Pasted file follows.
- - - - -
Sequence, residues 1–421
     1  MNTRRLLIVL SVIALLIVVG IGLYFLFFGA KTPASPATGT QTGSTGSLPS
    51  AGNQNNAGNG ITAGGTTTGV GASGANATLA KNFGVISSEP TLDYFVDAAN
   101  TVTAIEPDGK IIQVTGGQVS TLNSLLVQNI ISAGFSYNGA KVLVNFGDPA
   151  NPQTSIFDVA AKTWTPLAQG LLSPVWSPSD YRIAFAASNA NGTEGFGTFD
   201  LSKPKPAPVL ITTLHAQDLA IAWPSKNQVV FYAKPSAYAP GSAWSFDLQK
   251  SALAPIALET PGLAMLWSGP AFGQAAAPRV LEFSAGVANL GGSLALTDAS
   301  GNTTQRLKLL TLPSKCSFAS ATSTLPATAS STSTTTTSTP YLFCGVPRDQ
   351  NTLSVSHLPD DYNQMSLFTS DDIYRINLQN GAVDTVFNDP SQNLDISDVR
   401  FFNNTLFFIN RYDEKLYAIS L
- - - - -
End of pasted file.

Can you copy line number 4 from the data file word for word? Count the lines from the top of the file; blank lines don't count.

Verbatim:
   101  TVTAIEPDGK IIQVTGGQVS TLNSLLVQNI ISAGFSYNGA KVLVNFGDPA